Extent to Which Economic and Social Impacts of Oil Extraction in Ecuador Converge to Ecuador's Inhaibitants and the Nation as a Whole
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Guiding Question: To what extent do economic and social impacts of oil extraction in Ecuador converge for Ecuador’s inhabitants and the nation as a whole?
The extraction and export of oil seemed a dependable escape plan out of accumulating debt throughout Ecuador’s tumultuous struggles following IMF structural adjustment programs in the 1970s and 1980s. Yet in the present day, high debt levels remain looming above Ecuador’s economy and the smudges of a history of relentless oil extraction have become alarmingly visible. Destructive impacts on the environment and failure of oil export revenues to translate into public spending have swayed public opinion against oil, and have given rise to a new discourse in national politics. President Rafael Correa’s adoption of a “tough on oil” (Davidov 2012) ´ policy and public sympathizing with the victims of hazardous national resource exploitation in Lago Agrio currently in legal battle against Chevron/Texaco, have garnered widespread international recognition. Similarly, Correa’s movement towards imbuing the natural environment with monetary value has stunned conservation and economists alike (Davidov 2012). Nevertheless, an Ecuadorian future independent of oil remains unlikely. In this paper, I seek to juxtapose the economic and social impacts of oil Ain Ecuador on locally and nationally. I will begin by analyzing the role of oil in Ecuador’s debt problem and the accepted/contested economic benefits associated with oil. I will follow up with a discussion of economic failures and social costs, and will introduce the Chevron/Texaco lawsuit and the construction of the OCP pipeline as case studies. I will conclude by looking at Ecuador’s future with a focus on dependency on oil.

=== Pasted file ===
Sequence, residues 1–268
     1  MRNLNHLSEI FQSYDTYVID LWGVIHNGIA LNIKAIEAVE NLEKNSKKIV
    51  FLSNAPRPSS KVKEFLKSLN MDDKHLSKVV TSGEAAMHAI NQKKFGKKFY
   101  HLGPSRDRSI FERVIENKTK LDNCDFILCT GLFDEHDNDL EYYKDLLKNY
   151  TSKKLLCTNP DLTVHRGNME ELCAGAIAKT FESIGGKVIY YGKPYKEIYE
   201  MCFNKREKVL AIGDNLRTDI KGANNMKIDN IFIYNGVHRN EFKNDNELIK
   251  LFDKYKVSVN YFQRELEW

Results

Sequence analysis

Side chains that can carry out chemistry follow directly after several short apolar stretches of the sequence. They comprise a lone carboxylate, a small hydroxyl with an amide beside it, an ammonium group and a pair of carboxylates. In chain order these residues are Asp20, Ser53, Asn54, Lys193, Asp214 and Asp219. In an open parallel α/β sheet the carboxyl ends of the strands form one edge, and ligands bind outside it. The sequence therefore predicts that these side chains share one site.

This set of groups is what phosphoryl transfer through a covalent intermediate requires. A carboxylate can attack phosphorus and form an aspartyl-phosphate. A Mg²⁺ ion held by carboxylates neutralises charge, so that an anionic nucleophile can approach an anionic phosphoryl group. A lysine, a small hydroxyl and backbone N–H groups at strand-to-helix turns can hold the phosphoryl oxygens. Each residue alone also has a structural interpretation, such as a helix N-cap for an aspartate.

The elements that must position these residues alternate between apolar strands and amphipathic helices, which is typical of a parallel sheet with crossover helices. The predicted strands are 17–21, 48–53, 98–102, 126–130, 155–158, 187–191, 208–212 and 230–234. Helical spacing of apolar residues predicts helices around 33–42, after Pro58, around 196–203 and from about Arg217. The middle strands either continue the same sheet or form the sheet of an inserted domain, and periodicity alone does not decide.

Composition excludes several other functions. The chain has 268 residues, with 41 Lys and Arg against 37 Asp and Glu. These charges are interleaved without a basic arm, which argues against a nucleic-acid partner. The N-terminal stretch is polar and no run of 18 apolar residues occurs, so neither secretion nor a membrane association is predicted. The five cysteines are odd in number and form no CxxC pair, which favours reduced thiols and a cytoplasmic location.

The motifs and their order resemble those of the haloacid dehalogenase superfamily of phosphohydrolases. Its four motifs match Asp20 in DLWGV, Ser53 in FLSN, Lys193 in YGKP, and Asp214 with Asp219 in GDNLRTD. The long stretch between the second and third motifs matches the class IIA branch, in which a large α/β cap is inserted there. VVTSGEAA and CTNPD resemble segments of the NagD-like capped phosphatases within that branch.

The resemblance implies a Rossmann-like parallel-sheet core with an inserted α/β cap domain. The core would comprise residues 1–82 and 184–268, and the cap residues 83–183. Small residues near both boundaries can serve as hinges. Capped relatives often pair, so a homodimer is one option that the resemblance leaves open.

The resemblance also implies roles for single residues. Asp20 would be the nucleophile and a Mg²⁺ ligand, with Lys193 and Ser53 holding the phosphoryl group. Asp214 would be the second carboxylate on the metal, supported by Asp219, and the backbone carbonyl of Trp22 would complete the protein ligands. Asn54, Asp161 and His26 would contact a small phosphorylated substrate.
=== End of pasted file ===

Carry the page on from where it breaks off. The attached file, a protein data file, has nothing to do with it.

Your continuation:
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...extraction by both national and international companies have extensively affected communities and environments, as was seen from the OCP and Lago Agrio case studies. A shift away from oil under Correa was short lived, which only leaves one alternative for reconciling economic and social impacts on communities and the nation: The government needs to establish a stronger legal framework that disciplines national and international companies and thereby reduces environmental and social damages. The Baynard, Ellis and Davis case study suggests that environmentally undamaging oil extraction procedures can indeed be implemented. However, for long-term economic development and prosperity Ecuador needs to embark on diversification of its industries and investment into socio-economic development, a path that at present cannot be tread without the support of oil revenues.